tribes of britain

Very Rare Stater of the Ambiani, Northeast Gaul, 2nd Century BC

Obverse: Celticized bust of Apollo left, wearing broad wreath and drapery with linear designs. Reverse: Celticized Nike driving quadriga left; star and ornaments in field, rosette-like device and two pellets-in-annulets below; zigzag pattern in exergue.

The Ambiani were a Celtic speaking Belgic people in the valley of the Samara (modern Somme) and their chief town was Samarobriva, later called Ambiani and Civitas Ambianensium. They were among the people who took part in the great insurrection against the Romans, which is described in the seventh book of Caesar’s Gallic War.

The Ambiani were consummate minters and Ambianic coinage has been found throughout the territories of the Belgic tribes, including the Belgae of Britain. There is some evidence from coins that bear a stag on one side and a betorced head on the obverse that the Ambiani were followers of the god Cernunnos (horned God). A few Ambiani coins have been found along the south coast of the West Country possibly as the result of trade across the English channel.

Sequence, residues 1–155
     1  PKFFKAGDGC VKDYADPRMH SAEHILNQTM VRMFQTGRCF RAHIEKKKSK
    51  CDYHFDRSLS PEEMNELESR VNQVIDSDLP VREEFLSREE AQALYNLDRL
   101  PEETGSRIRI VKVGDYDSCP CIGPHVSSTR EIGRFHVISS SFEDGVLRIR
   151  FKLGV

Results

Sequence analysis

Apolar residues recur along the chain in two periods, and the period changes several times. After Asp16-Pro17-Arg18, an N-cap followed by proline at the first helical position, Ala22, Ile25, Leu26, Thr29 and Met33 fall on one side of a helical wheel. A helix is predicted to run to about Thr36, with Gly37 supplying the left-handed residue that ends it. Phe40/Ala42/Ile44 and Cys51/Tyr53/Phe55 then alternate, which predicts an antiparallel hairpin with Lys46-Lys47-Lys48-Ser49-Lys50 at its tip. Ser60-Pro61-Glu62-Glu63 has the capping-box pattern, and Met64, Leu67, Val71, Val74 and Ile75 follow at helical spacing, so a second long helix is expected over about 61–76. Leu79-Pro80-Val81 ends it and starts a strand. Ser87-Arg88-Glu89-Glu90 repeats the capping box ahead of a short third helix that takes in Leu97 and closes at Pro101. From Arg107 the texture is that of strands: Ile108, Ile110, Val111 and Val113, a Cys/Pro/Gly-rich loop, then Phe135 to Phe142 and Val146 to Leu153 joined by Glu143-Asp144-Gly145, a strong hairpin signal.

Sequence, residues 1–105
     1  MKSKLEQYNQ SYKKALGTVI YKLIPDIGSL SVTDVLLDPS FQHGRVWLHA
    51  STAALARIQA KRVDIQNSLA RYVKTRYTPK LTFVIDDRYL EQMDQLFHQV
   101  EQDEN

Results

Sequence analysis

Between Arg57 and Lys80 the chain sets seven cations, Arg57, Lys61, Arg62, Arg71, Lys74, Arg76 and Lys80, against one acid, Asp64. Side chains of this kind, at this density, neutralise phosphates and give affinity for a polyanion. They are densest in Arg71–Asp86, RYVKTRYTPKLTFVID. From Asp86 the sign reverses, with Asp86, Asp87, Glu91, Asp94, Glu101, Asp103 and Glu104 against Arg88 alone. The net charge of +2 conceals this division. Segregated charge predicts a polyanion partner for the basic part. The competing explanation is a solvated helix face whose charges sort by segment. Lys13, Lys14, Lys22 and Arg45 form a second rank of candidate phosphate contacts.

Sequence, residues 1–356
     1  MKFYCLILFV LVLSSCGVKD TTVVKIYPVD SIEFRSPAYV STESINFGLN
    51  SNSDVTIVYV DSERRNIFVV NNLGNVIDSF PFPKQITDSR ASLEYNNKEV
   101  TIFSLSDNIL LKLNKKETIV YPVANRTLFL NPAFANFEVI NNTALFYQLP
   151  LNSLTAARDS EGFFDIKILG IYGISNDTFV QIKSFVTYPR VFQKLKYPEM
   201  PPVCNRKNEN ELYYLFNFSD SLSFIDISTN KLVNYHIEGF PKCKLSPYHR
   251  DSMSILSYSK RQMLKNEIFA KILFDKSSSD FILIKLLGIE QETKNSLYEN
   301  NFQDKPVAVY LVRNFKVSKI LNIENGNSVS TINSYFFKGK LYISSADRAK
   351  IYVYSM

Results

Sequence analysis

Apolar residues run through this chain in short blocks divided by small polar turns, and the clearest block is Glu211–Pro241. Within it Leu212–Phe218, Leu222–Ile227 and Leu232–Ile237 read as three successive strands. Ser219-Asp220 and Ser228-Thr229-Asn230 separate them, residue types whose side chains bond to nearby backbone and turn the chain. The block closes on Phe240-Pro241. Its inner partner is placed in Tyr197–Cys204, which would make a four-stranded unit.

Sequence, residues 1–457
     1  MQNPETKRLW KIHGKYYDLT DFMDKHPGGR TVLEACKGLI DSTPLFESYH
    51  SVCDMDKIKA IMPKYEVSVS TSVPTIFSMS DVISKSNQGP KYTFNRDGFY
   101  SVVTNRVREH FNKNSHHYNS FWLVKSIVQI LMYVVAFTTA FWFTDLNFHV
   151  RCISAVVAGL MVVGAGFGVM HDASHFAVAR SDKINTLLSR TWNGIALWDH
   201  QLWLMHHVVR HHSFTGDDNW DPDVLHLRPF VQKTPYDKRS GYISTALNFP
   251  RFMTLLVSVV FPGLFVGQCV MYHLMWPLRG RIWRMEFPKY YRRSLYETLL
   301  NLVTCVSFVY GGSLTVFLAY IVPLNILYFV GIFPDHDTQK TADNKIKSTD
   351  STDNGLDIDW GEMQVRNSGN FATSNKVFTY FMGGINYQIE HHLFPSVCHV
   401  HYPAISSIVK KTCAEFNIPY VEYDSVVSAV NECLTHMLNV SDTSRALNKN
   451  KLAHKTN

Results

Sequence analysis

Eating brains helped Papua New Guinea tribe resist disease

Research involving a former brain-eating tribe from Papua New Guinea is helping scientists better understand mad cow disease and other so-called prion conditions and may also offer insights into Parkinson’s and dementia.

People of the Fore tribe, studied by scientists from Britain and Papua New Guinea, have developed genetic resistance to a mad cow-like disease called kuru, which was spread mostly by the now abandoned ritual of eating relatives’ brains at funerals.

Experts say the cannibalistic practice led to a major epidemic of kuru prion disease among the Fore people, which at its height in the late 1950s caused the death of up to 2% of the population each year.

In findings published in the scientific journal Nature, the researchers said they had identified the specific prion resistance gene – and found that it also protects against all other forms of Creutzfeldt-Jakob disease (CJD).

“This is a striking example of Darwinian evolution in humans, the epidemic of prion disease selecting a single genetic change that provided complete protection against an invariably fatal dementia,” said John Collinge of the Institute of Neurology’s prion unit at University College London, which co-led the work.

Papua New Guinea Photograph: Lloyd Jones/AAP Image